After Sanitation District officials got down to the business of hiring and assigning work to construct a plant that would reduce the amount of chloride ending up in the Santa Clara River, they closed out the day dealing litigation over the work being done.
On Thursday, the three directors of the Santa Clarita Valley Sanitation District board gave the green light to construction, labor costs and equipment that would enable them to keep the promise they made to state water officials about reducing the chloride content of river water.
They approved construction of an $87.3 million chloride-reduction plant, $90,000 for labor compliance services and close to $400,000 in training for operation of microfiltration and nanofiltration water-cleaning units.
The last item on Thursday’s agenda was a lawsuit filed by members of the Affordable Clean Water Alliance against the Santa Clarita Valley Sanitation District.
The civil action undertaken by ACWA is the third lawsuit they’ve filed in the last four years — each one challenging the veracity of the Sanitation District’s assessment of the impact its project will have on the environment.
Since it’s a legal matter, board members — LA. County 5th District Supervisor Kathryn Barger and Santa Clarita Councilwoman Laurene Weste and Mayor Marsha McLean — joined the district’s legal counsel behind closed doors.
The meeting was described on the agenda as: “conference with legal counsel-existing litigation.”
It named the cases by number and who was invited to the discussion, namely legal counsel and Grace Robinson Hyde, chief engineer of the Sanitation District.
Asked what happened behind closed doors, Sanitation District spokesman Basil A. Hewitt said: “District counsel reported out of the closed session that no action was taken requiring disclosure pursuant to Government Code Section 54957.1.
“The litigation is ongoing,” he said.
ACWA’s third lawsuit, filed in October 2017, “challenges the sixth in a series of unlawful environmental impact reports” compiled by the Sanitation District, the opening page of the lawsuit reads.
From the district’s perspective, nothing in the lawsuit stops sanitation officials from moving forward with its chloride compliance project.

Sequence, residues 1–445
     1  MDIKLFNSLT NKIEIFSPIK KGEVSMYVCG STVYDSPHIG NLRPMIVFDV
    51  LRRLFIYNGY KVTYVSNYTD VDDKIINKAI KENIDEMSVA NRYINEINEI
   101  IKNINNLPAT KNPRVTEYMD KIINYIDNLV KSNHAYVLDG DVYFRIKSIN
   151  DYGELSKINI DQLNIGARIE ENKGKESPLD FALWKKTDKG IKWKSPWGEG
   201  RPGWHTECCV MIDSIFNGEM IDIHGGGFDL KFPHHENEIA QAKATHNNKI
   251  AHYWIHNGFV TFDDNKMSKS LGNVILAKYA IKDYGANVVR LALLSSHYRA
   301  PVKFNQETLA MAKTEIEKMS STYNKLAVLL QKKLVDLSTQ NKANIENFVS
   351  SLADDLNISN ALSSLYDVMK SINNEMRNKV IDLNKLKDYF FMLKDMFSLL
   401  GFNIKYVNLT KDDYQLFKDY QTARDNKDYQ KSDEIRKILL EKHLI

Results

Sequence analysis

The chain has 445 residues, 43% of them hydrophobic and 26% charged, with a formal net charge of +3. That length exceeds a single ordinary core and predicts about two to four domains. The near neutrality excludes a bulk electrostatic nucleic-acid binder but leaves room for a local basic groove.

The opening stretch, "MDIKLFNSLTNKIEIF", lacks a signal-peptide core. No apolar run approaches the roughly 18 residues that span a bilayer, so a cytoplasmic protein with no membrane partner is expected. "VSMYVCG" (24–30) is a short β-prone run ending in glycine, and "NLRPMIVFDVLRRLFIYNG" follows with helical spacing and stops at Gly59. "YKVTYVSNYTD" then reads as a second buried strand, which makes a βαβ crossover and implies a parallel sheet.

The attorney representing ACWA, Pasadena-based environmental lawyer Robert Silverstein, was unable to be reached Friday.
ACWA’s third lawsuit asks the court to stop the district’s plan to reduce chloride.
Specifically, it asks the court to: “direct the (Sanitation) District to vacate and set aside the actions approving the facilities plan, the separation EIR, all chloride-compliance approvals based on the separation EIR and the project.”
As the latest civil case makes its way through court, Sanitation officials are pressing ahead with their chloride-reducing plan.
The chloride-compliance project is a four-year promise made to state water officials in October 2013 to reduce chloride contamination levels in the Santa Clara River so they comply with state levels.
Removal of the salts from the district’s discharged water produces a highly salty liquid waste called brine.
Coming up with the best way to remove the brine has proven to be a challenge for sanitation officials for more than seven years.
The civil lawsuit launched in October 2017 by ACWA is the district’s latest obstacle.
The district’s plan to use large-scale reverse osmosis technology to extract chloride from the water was shot down by SCV ratepayers in the summer of 2010 over rate hikes linked to its cost.
Sanitation officials revamped their EIR accordingly.
In late 2013, they decided to bury the salty compound deep beneath the Santa Clarita Valley.
But that didn’t sit right with residents of West Ranch, who rallied against the plan, prompting civic leaders to announce in March 2015 they would move the deep well site away from the west side of the Santa Clarita Valley.
Sanitation officials went back to the drawing board, again, to draft a revised EIR.
They were hit with another setback in February 2016, when Los Angeles County Superior Court Judge James C. Chalfant told the district to decertify its original EIR and to “set aside” all projects until it could comply with the California Environmental Quality Act.
The district modified its plans again to try to satisfy court concerns about adversely affecting the habitat of the endangered unarmored three-spine stickleback fish.
In the fall of 2017, Chalfant ruled to “partially discharge” the writ filed against the Sanitation District.